Twenty-two people lost their lives and more than 50,000 people - 10 percent of the country’s population - in the capital Honiara and surrounding plains in Guadalcanal Province were directly affected. Thousands of families face months ahead trying to rebuild their lives.

I watched the international coverage from New Zealand; images splashed across the television and internet of the raging flood waters washing away homes in Honiara, but nothing prepares you for the scale of the destruction. The first day I arrived to join the Solomon Islands Red Cross team, my colleague Jerry drove me straight to the Mataniko River’s edge. The view of the devastation stunned me into silence. My first thought was how were not more people killed – Jerry said if the floods had hit at night instead of early afternoon, the death toll would undoubtedly have been much higher.

For the people who did escape, many of them remain in basic evacuation centres in Honiara. More than 10,000 people fled to the centres, which were mainly schools, including the university campus, but more than half have now returned home to try to start rebuilding their homes and lives.

For the estimated 4,000 that remain in the centres, the future is very shaky. There is no insurance company to call here. They don’t have money in the bank to help them pay for materials to rebuild their homes.

I joined the Red Cross water delivery teams when they visited the evacuation centres to refill the tanks with purified, safe drinking water. I spoke with families who had now been living in the cramped quarters for weeks. For many families there, especially from the isolated rural communities in the rural Guadalcanal plains, their daily food needs are usually met from what they can grow, but their food gardens were ruined by the floodwaters and they will have to wait at least two more months before they are able to replant.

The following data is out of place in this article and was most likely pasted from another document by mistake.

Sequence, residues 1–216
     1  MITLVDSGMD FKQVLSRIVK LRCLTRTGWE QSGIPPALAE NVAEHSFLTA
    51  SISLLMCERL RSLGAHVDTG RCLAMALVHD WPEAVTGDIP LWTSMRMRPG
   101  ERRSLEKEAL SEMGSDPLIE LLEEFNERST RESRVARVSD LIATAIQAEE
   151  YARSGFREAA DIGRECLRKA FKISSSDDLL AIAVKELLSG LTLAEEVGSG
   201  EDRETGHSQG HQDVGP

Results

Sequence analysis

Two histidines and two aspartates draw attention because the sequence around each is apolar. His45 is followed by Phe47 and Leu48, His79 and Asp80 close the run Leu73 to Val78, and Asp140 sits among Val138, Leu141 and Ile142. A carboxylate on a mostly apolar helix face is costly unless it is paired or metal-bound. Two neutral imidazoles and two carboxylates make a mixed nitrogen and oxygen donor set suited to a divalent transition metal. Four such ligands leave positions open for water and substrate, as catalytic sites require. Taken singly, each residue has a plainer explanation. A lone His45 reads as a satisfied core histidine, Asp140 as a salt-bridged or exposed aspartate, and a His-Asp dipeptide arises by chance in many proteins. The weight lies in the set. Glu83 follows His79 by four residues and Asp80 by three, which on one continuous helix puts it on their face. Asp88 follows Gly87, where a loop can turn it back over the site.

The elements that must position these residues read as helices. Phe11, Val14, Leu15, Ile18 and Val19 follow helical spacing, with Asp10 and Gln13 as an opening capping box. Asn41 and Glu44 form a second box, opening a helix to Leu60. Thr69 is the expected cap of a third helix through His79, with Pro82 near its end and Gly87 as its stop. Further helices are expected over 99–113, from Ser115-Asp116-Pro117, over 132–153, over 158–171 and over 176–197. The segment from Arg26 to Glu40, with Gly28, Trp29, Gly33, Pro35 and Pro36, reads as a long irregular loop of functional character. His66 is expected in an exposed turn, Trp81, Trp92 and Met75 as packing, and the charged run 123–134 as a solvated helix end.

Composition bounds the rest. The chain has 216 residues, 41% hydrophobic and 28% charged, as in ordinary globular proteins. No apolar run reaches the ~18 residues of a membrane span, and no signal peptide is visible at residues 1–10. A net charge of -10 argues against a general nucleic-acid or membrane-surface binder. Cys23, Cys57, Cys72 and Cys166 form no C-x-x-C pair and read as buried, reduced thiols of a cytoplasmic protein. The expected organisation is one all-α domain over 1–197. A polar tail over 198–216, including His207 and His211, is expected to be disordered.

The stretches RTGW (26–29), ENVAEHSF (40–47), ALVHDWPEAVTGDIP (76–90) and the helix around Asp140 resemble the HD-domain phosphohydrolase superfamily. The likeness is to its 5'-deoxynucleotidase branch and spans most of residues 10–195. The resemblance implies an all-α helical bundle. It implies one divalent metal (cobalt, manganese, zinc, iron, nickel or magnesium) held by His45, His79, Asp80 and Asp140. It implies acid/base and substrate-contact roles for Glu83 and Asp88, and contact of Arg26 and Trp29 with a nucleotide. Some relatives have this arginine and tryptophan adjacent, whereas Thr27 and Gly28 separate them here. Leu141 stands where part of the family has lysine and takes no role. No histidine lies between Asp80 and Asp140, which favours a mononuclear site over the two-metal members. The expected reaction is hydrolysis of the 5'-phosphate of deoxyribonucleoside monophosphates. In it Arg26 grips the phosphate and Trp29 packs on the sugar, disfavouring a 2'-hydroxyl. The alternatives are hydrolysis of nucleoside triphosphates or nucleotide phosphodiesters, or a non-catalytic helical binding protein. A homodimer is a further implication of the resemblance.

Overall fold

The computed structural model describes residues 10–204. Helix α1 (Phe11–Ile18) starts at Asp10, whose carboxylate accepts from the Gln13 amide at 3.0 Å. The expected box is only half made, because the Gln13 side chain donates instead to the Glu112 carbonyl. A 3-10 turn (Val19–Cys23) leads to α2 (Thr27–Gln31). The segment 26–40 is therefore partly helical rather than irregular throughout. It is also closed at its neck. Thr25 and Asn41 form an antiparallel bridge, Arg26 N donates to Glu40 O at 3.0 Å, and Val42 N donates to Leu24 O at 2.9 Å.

Furthermore, access to basic services such as healthcare and adequate water and sanitation was limited even before the floods, but now with infrastructure and roads severely damaged they are forced to remain in the evacuation centre. But despite the discomfort of life in a temporary shelter, it means their basic needs of food and water are being met – for many there is simply nothing to go back home to.

Following any disaster, it is essential that the aid money and international support that begins to flow into the country is directed not only to the initial emergency assistance, but also to rebuild an affected community better than it was before. Red Cross has appealed for a further CHF 1.3million (NZD 1.68million), to help more than 20,000 people rebuild their homes and provide clean water and sanitation and rehabilitate water infrastructure over the next nine months, but the response has been worryingly slow. Even though the international news crews have packed up and moved on, it is essential for those families affected to know they are not forgotten.